The saving and restoring of internal state that needs to be done every time a core switches to a new thread is time-consuming, and becomes relatively more so the faster the switching needs to be done. Maintaining the illusion that two threads are in fact running at the same time requires the back-and-forth switching to happen quite quickly, and this makes the switching overhead quite noticeable.

So there's a tradeoff between responsiveness (which is highest when thread execution never gets put off for a long time, i.e. when switching from thread to thread happens at a high rate) and overall throughput (which is highest when thread switching happens as infrequently as possible, minimizing the total amount of per-switch overhead).

Modern computers usually need to do several things at once and some of those things involve responding perceptually instantly to user actions. Also, it turns out that we've actually reached a point in CPU design history where it's quite difficult to clock them any quicker - we're already doing that so fast that physical limits on the time it takes for signals to propagate around inside the chips are a real constraint on how fast a core can be clocked.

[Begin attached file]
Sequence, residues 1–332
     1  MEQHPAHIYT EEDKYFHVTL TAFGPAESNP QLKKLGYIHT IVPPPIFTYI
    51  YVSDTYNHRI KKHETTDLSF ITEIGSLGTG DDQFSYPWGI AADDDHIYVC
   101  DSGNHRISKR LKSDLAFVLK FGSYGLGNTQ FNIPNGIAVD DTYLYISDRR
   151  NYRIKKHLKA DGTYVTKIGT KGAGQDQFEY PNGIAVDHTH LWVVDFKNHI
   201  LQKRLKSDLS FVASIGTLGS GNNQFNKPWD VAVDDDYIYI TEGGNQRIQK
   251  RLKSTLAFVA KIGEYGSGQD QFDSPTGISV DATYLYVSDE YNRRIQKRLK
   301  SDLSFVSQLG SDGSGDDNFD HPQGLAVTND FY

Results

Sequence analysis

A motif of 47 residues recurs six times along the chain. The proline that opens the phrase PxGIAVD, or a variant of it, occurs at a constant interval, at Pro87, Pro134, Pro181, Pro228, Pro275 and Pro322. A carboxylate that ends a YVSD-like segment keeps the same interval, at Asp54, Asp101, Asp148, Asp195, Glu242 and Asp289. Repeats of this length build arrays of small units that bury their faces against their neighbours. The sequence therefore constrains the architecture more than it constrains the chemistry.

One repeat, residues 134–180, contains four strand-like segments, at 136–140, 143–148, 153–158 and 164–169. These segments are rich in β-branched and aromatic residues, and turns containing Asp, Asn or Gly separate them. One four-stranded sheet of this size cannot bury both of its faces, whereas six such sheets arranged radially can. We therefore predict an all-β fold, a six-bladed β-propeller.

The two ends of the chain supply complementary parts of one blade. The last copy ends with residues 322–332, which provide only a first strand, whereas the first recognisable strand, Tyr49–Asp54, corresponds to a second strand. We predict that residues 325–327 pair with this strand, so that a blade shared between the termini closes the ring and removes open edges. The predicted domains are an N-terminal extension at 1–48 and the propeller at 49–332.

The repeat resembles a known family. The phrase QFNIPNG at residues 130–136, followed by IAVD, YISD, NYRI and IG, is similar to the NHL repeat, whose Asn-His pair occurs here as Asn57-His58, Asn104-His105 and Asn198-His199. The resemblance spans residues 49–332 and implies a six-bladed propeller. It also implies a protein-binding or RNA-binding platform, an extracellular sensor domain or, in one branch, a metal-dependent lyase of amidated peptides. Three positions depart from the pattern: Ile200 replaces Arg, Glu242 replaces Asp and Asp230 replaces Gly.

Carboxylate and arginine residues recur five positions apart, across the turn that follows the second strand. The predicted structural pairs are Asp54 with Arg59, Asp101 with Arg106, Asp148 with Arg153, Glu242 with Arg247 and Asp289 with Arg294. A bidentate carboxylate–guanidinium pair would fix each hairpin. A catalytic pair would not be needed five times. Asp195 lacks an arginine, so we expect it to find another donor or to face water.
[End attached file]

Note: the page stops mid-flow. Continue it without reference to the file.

So the general response has been to add more cores. Each core is, to a reasonable first approximation, equivalent to a whole extra processor. This makes it possible to run more threads in parallel without needing a whole lot of switching overhead; if at any instant there are (say) four programs that need to be doing stuff simultaneously, and you have a four-core CPU, you really truly can run one program on each core, and you really truly can get almost four times the throughput of a single-core machine with the same clock speed, and no switching-induced responsiveness penalty. And if you need to run more parallel threads than you have cores, you can do things like devote one or more whole real cores to high-priority threads while doing the customary switching dance on the rest of them.